I missed the first snowfall of the season. I left town on Tuesday night for a business trip to Chicago, and missed the 2″ snowfall that arrived on Wednesday morning. So today, back at home and waking to a brilliant blue-sky day, I was eager to get outdoors. Most of the snow had melted close to home, but we chose a short hike along the Appalachian Trail to the top of Holts Ledge – home of the Dartmouth Skiway. (Things looked very different when I visited seven weeks ago!) We didn’t have to climb far before reaching an elevation with consistent snowcover. It was shallow, and crunchy from several melt-freeze cycles, but it was a wonderful taste of the winter hikes to come!
We paused at the top to enjoy the southward views across the Upper Valley and toward Mounts Cardigan and Ascutney. We then strolled over to view the activity at the top of the Dartmouth Skiway, chatting with two fellows who were tinkering with the snowmaking equipment. Only three weeks to opening day!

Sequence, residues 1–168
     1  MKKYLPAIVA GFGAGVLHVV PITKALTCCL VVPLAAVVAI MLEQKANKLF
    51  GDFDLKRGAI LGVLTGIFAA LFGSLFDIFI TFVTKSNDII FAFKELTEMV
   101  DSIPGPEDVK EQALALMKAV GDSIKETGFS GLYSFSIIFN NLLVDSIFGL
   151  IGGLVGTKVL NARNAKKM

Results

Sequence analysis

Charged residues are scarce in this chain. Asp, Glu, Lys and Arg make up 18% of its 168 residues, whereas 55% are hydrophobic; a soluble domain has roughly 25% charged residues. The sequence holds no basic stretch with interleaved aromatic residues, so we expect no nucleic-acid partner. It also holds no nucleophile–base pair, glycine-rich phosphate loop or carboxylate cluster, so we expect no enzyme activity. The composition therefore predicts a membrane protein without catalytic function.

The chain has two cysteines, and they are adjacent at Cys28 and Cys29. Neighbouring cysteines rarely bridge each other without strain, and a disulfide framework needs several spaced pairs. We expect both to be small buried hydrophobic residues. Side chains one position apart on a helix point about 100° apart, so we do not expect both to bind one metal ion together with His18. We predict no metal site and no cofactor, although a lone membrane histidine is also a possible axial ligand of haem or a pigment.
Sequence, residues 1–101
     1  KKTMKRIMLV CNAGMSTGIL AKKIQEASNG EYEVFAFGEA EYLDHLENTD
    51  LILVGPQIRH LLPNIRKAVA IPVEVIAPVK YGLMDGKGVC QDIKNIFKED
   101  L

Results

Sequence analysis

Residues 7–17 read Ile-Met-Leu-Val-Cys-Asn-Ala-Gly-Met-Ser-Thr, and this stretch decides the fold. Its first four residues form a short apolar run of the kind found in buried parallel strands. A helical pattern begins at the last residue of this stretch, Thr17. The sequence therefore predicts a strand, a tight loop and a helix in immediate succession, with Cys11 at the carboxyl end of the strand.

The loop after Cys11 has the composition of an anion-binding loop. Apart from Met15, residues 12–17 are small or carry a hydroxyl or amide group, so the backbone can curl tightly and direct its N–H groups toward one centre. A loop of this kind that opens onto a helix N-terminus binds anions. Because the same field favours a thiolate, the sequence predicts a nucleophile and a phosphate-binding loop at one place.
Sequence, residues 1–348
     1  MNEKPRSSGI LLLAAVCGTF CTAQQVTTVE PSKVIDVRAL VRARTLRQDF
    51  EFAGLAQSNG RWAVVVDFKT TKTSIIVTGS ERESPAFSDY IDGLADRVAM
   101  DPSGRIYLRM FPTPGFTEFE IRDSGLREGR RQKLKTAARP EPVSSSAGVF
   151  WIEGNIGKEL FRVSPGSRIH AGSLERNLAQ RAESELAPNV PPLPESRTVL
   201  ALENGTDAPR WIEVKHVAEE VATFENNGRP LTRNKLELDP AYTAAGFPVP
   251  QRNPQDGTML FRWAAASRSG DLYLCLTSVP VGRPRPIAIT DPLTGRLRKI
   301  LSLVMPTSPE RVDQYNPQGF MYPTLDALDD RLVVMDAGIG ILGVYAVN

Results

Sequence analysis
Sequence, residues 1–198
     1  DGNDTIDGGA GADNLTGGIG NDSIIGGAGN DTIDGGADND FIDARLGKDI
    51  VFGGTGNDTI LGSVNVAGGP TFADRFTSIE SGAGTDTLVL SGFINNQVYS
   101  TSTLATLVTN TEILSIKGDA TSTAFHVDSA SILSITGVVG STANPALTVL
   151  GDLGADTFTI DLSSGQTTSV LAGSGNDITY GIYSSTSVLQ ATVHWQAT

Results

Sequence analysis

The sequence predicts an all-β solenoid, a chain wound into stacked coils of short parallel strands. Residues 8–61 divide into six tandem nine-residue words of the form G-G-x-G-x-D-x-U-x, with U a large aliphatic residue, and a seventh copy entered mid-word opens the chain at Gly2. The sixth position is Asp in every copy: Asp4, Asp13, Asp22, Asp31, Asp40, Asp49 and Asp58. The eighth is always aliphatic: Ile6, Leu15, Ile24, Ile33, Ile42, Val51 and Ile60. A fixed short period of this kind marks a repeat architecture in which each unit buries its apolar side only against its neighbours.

Halfway down the Appalachian Trail we encountered one of those wondrous effects to be seen this time of year: needle ice, where some mud froze, causing the expanding ice to crystallize and push the mud upward into the air.
When I first moved to this region it was generally understood that gardeners should put their garden to bed for the winter around Labor Day, because one could expect a frost to kill off any remaining vegetables soon afterward. As four decades have passed, I’ve noticed the frost arriving later and later. This year, we didn’t even have a hint of frost until mid-October. Today was the first true frost, with the leaf-covered lawns thoroughly tinged with gray, and where one’s fingernail could scratch patterns in frost-covered railings or other wooden surfaces. The good news, at least, is that clear skies bring us warm sunny afternoons as well as frosty mornings!
I was out at sunset tonight, driving some of the back roads of Hanover and Lyme, New Hampshire… just to see what I might encounter. Many of the trees are at their peak fall color, and I thought I might find some interesting scenes during the late-afternoon glow. I headed out too late, though, and the sun had set on the interesting locations… but as I rolled along a dirt road I suddenly pulled to a stop when a huge yellow moon appeared over a grassy meadow.